Contribute/Bugsquad/Guide To BugTriaging

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Initial version by Dario Andres (2010-03). Corrections by Lydia Pintscher

Contents

Disclaimer

All this guide is based on my own experience (approximately 2 years) on the KDE bug tracker.

It may not work for you ;)

General Considerations

  • Be polite: when you need to request information or feedback be clear and polite, and you will get more information in less time. 
Often Bugzilla is a place which involves discussions (about implementations, or even about contributors). Try to be concise and polite, respecting the others position while describing your own.
  • Don't try to do too many things at the same time; otherwise you will end up with a headache.

If you are not familiar with the Bugzilla (KDE bug tracker system) interface, you may find this guide useful: Quick Introduction to Bugzilla

About getting permissions to work in the bug tracker

Manpower is always needed in a bug tracker, but as any action taken on it may be potentially destructive to other people's work; or it may end up messing things up (and consuming the developers' or other triager's time) the tracker requires special permissions to perform changes in bug reports.

If you want to work in the bug tracker you need to prove that you know what you are doing.

Initially you will ask for support on #kde-bugs (on IRC) and add comments in the bug report (so other people will see and check them, perform the needed actions, and evaluate your work)

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Note
adding comments in the bug report is allowed for every user

Getting Started: Find what to work on (Different Approaches)

You could use different techniques or approaches to triage the reports according to your current mood or the amount of work you want to do for example.

Note: The two following techniques are complementary.

Check all the bug reports of the day

In this technique you check all the bug reports (of all the products) which were filed today (or some days ago).

You can focus on crash, normal or wish reports individually (recommended) or all of them together.

Good:

  • You get a complete view of all the reports
  • You can easily recognize possible duplicates if the report titles are appropriate
  • You can choose any report
  • You can quickly clean the bugs that were filed recently (keeping them from rotting)
  • You can get quick feedback from the reporter

Not so Good:

  • You don't focus on one product
  • You may not pay too much attention to every report, as you are triaging different kinds of reports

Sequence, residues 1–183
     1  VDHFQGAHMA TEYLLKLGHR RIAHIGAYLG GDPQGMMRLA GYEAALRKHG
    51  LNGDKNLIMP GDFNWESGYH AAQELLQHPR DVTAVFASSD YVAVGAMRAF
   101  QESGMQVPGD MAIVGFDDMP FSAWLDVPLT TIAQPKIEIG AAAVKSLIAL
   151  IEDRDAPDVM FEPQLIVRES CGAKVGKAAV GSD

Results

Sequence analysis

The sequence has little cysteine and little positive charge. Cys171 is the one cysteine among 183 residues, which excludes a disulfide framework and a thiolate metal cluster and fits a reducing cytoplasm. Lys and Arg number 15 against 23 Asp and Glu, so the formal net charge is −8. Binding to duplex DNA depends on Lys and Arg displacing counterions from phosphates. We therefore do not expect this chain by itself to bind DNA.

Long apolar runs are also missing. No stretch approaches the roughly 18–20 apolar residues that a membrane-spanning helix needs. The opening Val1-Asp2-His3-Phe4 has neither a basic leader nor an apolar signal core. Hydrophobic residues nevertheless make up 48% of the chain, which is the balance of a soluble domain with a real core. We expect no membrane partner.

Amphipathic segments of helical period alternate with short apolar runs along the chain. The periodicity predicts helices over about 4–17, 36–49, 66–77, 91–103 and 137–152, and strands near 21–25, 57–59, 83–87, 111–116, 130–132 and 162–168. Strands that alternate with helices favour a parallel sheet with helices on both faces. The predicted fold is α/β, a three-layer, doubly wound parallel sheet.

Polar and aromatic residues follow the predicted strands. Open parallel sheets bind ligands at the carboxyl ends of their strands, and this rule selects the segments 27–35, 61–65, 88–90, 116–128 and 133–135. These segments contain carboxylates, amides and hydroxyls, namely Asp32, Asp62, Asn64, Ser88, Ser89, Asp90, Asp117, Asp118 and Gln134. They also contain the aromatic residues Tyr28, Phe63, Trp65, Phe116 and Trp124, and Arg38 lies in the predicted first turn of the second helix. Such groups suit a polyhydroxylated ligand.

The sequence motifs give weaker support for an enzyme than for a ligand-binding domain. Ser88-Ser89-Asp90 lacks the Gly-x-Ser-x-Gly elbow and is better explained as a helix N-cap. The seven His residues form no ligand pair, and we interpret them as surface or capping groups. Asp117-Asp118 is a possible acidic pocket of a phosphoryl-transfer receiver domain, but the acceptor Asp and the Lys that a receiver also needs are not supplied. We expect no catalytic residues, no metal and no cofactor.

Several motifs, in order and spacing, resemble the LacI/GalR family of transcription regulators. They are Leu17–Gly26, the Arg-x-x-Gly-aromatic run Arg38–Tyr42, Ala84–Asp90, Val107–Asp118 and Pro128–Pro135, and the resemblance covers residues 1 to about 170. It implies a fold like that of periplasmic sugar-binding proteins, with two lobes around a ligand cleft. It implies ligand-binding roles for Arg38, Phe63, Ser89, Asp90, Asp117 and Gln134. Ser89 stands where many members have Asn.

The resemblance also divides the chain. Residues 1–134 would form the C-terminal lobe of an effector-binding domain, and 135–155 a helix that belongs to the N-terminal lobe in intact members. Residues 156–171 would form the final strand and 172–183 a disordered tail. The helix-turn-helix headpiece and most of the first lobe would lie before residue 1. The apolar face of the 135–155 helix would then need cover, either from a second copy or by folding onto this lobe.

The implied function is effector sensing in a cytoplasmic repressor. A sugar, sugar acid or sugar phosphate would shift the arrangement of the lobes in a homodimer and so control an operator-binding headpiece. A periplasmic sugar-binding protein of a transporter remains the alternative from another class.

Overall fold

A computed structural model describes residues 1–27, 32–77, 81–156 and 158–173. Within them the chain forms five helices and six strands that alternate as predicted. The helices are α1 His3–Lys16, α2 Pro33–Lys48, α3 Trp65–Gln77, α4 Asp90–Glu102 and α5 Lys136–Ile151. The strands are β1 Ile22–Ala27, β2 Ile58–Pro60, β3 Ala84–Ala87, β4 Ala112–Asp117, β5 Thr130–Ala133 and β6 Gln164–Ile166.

• You need a lot of attention to handle the different reports (at the ~same~ time)

This technique could be used every week (or every day)

Bugzilla Links (TODO)

  • All the bugs (any type) reported today or the last week
  • All the crashes reported today or the last week
  • All the normal bugs reported today or the last week
  • All the feature requests reported today or the last week


Check bug reports of a product over a period of time

Choose a product (application or library). Then choose a period of time like 1 month or 1 or 2 years (or "from the beginning of the current year"). You can also choose which kind of reports you want to handle.

This technique is useful to audit old bugs or perform a deep clean (in case that the bugs weren't triaged on a daily basis previously).

Good:

  • You focus only on one product / topic, so you don't need to pay too much attention (pay attention anyways!)

Not so Good:

  • The reports of the other application may rot if they aren't checked
  • You may not get feedback if the report is too old or the reporter is not accessible anymore

You can also filter out results (and be even more focused) if you select a custom component inside the product (a subsection of the application).

This technique could be used two times a month.

Bugzilla Links (ToDo)

  • Template search for all the reports of any status, since 2008: any kind of report, crashes, normal bugs, feature requests
  • Template search for all the open reports, since 2008: any kind of report, crashes, normal bugs, feature requests

Workflow of the bug triaging activity

Now that you have a list of bug reports, pick one !

Workflow Graphic (ToDo)

Handling reports: What to do with a bug report

There are several things that must be checked and "fixed" to make an initial bug report an interesting and useful peace of information for the developers to check.